Kit BK22: Hamburg Z1 motor tram

Blue ball Brief History of Hamburg Z1a Triebwagen (Motor Car) built by Falkenried

In 1894 the electrification of the existing horse-tram system in Hamburg began. This work was carried out at the Falkenried Wagon Factory and they manufactured all the electric cars for Hamburg up until 1936. During 1895-1896, they produced four cars per week, which was a high output rate, especially when one considers that mass-production was unknown at that time. The cost per car was then 22,000 Reichmarks. Production reached a total of 387 cars in 1897 when initial electrification was completed.

From December 1895, the Z1a cars (in their original unvestibuled form of type U, B, N1, N2, N3 versions) were fitted with two motors and in 1903 the cars were fitted with lifeguards to comply with police regulations. The cars were numbered 601-909 and 501-587. Later in 1905, the numbering was changed to 1148-1163 and 1325-1695, the reason for this being the confusion with the number of the trailer cars (Beiwagen).

After the First World War, the entire fleet was in need of a major overhaul but due to the shortage of materials, the work was not completed until 1925. During this time, the cars received new longer 2.20 metre wheelbase chassis, new motors with an increased power output and lengthened, enclosed platforms. The livery changed from green to all-over cream and new numbers were assigned. Z1a, Z1b and "three-window" cars received the numbers 2052-2176 and 2202-2698, all classes being mixed together within these sequences.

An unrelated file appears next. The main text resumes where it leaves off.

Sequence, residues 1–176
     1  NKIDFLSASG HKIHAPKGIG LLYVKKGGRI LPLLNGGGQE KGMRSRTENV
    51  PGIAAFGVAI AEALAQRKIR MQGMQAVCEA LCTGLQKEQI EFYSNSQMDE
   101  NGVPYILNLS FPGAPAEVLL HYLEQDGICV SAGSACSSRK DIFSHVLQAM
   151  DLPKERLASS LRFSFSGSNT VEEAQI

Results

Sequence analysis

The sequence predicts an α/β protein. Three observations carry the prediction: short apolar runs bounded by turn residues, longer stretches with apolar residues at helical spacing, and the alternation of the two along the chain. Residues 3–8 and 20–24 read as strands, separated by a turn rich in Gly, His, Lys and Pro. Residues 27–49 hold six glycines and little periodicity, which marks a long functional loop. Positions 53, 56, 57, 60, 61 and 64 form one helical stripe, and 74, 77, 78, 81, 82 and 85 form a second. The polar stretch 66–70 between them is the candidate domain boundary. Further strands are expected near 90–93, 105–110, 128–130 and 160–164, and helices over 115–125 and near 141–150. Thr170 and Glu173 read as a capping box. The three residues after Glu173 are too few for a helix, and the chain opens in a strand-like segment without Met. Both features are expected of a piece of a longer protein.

During 1943 many cars were destroyed and in 1946 the Z1a class was reduced to 250. During the first few years after the Second World War, it was not possible to carry out a much needed general overhaul, apart from a change of livery to cream and red.

The general overhaul started in 1950. This included a change in electrical equipment. In 1951, 10 cars received new A.E.G. controllers and became single-direction cars, followed in 1953 with a further 38 cars. During 1952, 40 cars received new controllers and were named Z1P (P=Pendel). In 1954, a further 14 cars received a quick overhaul but with no new controllers.

In March 1955, 92 Z1A cars remained in passenger service and these continued until 1959. The class was finally scrapped in 1961. The sole survivor is car number 656, which was originally built in October 1894. It was later renumbered 1588, then 2392 and finally 2300. This car has now been restored to its original unvestibuled 1894 condition as number 656 and may be seen at the Verein Verkehrsamateure und Museumsbahn site at Schönberger Strand, near Kiel.


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